Decatur and his small crew disguised as North Africans sailed the Barbary ketch into Tripoli harbor on the night of February 15, 1804. The tiny craft bumped into the Philadelphia, and Decatur's boarding party flung grappling hooks to lash the rails together. Then yelling and screaming, they leaped onto the deck of the frigate. As a pirate reported later, the Americans "sent Decatur on a dark night, with a band of Christian dogs fierce and cruel as the tiger, who killed our brothers and burnt our ships before our eyes." Decatur's men wielded tomahawks and killed twenty pirates in as many minutes, chasing the rest over the side. Only one raider was wounded before the Philadelphia was set afire in four places. Then the Americans withdrew (Castor, 1971).

Decatur's luck held in the even more perilous escape from the harbor. The Pasha's artillery thundered wildly after the brazen Americans, but the little ketch, scarcely scratched, was rowed through the storm, to rejoin the American squadron (Castor, 1971).

When British Admiral Lord Nelson heard of the raid, he called it "the most bold and daring act of the age." Decatur, just twenty-five, won promotion to captain-then the highest rank in the navy-and remains the youngest man ever to be so honored (Bobby-Evans, 2001).

Decatur's act, no matter how bold and daring, did not alter radically the situation in the Mediterranean. Tripoli was defended by 25,000 soldiers and 115 cannon ashore, and 24 warships guarded the harbor. Against them Preble could pit only 1,060 men aboard seven ships, of which only the Constitution was heavy-gunned. Without troops to storm the port, all that Preble and his men could do was to disrupt the Pasha's economy by not allowing the pirates to practice their trade and to keep the pasha on the defensive (Channing, 1968).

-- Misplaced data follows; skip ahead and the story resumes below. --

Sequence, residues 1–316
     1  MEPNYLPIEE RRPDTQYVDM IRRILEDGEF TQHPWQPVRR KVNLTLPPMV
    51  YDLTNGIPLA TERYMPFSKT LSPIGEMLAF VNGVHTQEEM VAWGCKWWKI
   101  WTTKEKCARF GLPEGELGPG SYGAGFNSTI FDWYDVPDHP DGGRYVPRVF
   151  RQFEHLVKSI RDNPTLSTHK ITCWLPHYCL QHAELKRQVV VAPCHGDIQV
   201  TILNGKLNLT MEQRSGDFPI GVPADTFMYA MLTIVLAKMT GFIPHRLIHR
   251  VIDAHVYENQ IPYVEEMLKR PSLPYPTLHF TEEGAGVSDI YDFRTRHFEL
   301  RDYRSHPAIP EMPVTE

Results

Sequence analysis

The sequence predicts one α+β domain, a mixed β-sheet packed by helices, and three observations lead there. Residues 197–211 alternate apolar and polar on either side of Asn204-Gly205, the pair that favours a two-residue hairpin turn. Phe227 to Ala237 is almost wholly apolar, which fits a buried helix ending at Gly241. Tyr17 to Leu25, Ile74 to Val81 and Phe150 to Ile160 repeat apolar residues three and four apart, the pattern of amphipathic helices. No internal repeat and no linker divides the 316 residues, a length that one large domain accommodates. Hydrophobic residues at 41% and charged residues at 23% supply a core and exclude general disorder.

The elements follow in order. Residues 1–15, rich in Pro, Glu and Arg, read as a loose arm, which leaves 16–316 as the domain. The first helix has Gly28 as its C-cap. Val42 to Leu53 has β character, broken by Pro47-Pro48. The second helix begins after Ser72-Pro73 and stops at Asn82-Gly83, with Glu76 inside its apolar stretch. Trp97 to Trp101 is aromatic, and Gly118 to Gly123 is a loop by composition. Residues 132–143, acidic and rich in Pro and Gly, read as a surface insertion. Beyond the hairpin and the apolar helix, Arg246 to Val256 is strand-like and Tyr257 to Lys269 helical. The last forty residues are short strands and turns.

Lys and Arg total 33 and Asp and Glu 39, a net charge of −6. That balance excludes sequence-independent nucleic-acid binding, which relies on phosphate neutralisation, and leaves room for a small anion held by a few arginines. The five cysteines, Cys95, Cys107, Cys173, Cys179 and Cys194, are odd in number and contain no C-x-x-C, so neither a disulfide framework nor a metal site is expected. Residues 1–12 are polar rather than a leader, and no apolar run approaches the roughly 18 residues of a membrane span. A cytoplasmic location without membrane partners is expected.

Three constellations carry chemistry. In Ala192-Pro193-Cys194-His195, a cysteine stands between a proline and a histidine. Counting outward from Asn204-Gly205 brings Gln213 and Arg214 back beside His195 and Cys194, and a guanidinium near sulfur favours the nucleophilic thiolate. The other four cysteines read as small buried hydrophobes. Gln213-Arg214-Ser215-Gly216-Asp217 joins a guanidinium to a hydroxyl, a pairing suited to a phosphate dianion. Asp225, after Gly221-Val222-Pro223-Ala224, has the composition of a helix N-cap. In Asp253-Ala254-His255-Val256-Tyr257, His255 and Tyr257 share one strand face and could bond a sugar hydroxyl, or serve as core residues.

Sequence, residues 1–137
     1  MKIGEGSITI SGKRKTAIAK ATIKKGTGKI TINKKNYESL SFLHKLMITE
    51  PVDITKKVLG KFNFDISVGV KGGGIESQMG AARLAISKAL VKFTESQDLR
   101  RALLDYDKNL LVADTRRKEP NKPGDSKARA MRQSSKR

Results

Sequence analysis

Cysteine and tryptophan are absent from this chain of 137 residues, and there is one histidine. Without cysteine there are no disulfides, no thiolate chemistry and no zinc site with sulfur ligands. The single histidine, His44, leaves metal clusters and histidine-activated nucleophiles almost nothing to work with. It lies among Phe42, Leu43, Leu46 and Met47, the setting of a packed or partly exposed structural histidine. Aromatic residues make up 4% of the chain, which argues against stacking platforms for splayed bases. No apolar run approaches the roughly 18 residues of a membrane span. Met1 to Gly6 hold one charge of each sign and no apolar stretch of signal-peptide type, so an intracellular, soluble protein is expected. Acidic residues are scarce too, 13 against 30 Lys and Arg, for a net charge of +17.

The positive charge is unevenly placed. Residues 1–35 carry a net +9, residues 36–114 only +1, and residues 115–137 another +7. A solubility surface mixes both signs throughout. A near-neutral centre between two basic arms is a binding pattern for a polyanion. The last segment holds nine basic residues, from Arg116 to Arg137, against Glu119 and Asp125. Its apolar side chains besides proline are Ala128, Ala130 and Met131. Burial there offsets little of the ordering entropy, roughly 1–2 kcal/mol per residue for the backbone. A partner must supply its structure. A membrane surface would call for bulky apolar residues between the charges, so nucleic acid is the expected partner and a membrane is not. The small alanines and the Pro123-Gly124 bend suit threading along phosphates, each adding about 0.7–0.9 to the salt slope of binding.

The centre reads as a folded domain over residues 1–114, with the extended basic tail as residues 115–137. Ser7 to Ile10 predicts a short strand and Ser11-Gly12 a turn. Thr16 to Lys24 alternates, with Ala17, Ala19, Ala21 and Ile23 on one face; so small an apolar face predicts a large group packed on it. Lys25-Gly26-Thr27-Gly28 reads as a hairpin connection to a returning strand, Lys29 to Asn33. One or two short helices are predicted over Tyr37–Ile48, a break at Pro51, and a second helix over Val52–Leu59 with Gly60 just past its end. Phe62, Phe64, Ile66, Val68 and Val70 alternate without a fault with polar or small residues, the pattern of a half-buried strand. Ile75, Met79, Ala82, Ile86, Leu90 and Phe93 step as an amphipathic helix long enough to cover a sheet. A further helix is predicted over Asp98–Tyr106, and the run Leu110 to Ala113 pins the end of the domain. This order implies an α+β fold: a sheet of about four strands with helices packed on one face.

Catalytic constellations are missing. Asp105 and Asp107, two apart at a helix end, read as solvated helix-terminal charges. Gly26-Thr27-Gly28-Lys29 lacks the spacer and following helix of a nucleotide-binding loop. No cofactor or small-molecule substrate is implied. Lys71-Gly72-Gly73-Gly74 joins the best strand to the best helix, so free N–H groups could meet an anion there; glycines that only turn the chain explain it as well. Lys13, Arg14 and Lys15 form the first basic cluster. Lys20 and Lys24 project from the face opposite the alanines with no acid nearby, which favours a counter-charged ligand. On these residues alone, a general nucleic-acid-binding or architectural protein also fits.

On August 3, Preble's squadron sailed into Tripoli harbor to open bombardment of the city. The pirates were sheltered safe behind thick walled defenses, some of which had been constructed by Philadelphia's crew under the lash.

The bombardment caused little damage, but Preble was pleased by the behavior of his crews who had taken on the pirates at their own game. The corsairs were supposed to be invincible at hand-to-hand fighting, but never again would they attempt this, their favorite method of attacking and boarding on an American ship. The "fat ducks" had turned into fierce seahawks. American sailors led by men like Lieutenant John Trippe, outnumbered three to one, killed twenty-one of the pirates and captured fifteen in one engagement alone. Trippe himself took eleven wounds from a Turkish captain before ending the combat with a pike thrust. Three Tripolitan gunboats were captured, and one sunk (Castor, 1971).